The Enid Blyton Society
The Folk of the Faraway Tree
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Book Details...

First edition: 1946
Publisher: George Newnes
Illustrator: Dorothy M. Wheeler
Category: Faraway Tree
Genre: Fantasy
Type: Novels/Novelettes

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Reprint Covers
Artwork
Review by Terry Gustafson
Further Illustrations

Reprints


Wraparound dustwrapper from the 1st edition, illustrated by Dorothy M. Wheeler
Connie is the outsider in this Faraway Tree tale and she comes to stay with Jo, Bessie and Fanny as a paying guest of sorts. Her mother is sick and thinks that her daughter would be well placed because she considers the Faraway Tree children to be Good and Well-Behaved and the right sort of children for her dainty and pretty but rather spoilt daughter. Jo and his sisters look on Connie as rather stuck-up and a bit curious (as in stickibeak) but their mother needs the money so they are ready to put up with the little girl for a few weeks.

The Faraway Tree is just that — an enormous tree which reaches faraway into the sky and it is populated by many of the fairy-folk. Every now and again a strange and wonderful land arrives and rests on the topmost branches and the children have visited many of them and experienced all kinds of adventures. If you've read the first book (The Enchanted Wood) you might remember a little pixie that becomes very angry when any person, purely out of curiosity, peeps through the window of his little house which is set into the tree-trunk. The children are sure to take Curious Connie up the tree so you can add two and two.

Connie arrives and her hosts find that she knows Dick who featured in the previous book and he's told her about his experiences when climbing the Faraway Tree. Connie thinks it's all a load of rubbish so she needs convincing. She becomes a little more condescending when she learns that the children's mother has met some of the people who live in the tree but there's no report of her going to see for herself which is a bit of a contrast to the current climate. As we know in this age of communication anyone who knew of such a tree would have spread the knowledge world-wide.

Moon-Face pays a visit to the children shortly after Connie arrives and he hands over an invitation to have tea with him and Silky the next day! Now the names Moon-Face and Silky might appear a little curious, and they are, but it's due to the fact that they belong to curious (as in different) people. Moon-Face is short with pointed ears and a big round moon-like head. He is the "Dearest, Darlingest, Kindest, Funniest, Nicest, etc" man you could meet according to Fanny and he lives in the Faraway Tree as does Silky who is a very attractive little elf. Does Connie fully believe yet? No — she still needs more convincing.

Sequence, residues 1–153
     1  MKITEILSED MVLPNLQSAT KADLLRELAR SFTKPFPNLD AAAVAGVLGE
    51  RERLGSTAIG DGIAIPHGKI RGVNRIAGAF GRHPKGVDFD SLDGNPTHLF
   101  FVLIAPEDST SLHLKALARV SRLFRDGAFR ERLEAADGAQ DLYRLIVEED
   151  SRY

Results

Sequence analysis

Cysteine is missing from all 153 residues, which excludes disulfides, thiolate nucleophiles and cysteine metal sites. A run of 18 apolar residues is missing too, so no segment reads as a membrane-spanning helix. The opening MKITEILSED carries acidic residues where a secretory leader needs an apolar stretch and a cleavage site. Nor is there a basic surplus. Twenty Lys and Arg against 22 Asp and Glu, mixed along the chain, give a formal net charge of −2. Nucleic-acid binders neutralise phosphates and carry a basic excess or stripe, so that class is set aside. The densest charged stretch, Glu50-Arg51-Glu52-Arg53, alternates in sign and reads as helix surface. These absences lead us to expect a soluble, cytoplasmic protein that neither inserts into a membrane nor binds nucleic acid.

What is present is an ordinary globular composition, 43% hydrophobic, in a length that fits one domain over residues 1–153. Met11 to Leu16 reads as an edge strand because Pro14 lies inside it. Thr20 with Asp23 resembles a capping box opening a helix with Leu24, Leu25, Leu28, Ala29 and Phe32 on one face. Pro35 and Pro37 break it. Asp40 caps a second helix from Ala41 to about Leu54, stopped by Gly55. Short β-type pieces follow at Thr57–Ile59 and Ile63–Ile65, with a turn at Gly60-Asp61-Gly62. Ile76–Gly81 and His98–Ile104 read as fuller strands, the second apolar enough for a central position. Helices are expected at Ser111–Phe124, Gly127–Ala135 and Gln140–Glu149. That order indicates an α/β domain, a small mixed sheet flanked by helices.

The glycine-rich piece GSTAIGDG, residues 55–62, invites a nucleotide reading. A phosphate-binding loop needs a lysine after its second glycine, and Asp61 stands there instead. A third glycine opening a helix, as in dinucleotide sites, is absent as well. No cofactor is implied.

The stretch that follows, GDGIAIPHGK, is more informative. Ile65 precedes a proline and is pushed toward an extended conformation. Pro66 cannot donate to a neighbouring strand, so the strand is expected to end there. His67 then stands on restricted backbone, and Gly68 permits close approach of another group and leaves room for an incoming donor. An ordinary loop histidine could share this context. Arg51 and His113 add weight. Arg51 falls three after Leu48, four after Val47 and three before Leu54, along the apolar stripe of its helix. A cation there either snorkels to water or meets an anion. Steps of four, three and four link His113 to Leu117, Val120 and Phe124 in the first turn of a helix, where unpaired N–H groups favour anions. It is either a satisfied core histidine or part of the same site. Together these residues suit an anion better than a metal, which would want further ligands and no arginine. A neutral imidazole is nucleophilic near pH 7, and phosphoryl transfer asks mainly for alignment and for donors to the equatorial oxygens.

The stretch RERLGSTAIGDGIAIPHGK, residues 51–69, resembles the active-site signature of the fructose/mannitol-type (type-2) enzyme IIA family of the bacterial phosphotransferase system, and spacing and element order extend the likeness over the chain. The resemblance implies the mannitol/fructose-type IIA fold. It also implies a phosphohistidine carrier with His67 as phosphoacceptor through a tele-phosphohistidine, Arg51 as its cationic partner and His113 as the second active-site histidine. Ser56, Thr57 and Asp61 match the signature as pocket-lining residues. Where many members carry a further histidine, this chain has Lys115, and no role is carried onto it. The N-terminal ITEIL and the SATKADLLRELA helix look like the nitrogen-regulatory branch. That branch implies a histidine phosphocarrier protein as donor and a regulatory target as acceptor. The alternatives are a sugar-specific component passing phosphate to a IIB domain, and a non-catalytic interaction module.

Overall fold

Next day Jo and his sisters introduce Connie to the magical Faraway Tree and up they go. It's easy to climb with its broad branches and little pathways worn into the boughs by thousands of little folk who have walked up and down them over the years. Two and two do make four — Curious Connie is a prime candidate for the Angry Pixie's wrath and she naturally peeps into his window. Bessie, who had done this in earlier days, had a jug of water thrown over her but Connie fares worse! Next on the list is another drenching lesson which teaches her that a hundred-plus-year-old washer-woman who lives further up the tree has a getting-rid-of-the-dirty-water routine. That's it! Connie wants to go home but things become more amenable when Jo pushes her on and up to a small doorway in which stands the prettiest little elf it is possible to see with her fine-as-silk hair like a golden mist. This is Silky. She's as kind as can be and soon has Connie all dried out from her two unhappy encounters with Faraway Tree hazards. Then the Saucepan Man appears. For people who have never read a Faraway Tree book the Saucepan Man might be a person selling saucepans and you'd be right but he doesn't own a cart or a shop. He wears his pots and pans and kettles all round his body. Get that! He looks very peculiar indeed to Connie as he climbs down to Silky's house singing one of his rhyming songs. I guess he makes them up himself because the little ditties couldn't in any way be considered on par with the verse of say — George Byron or that much lauded playwright — William Shakespeare. In case you want to be fair in your judgment here is a sample of the Saucepan Man's creativity:
Two worms for a sparrow
Two slugs for a duck
Two snails for a blackbird
Two hens for a cluck!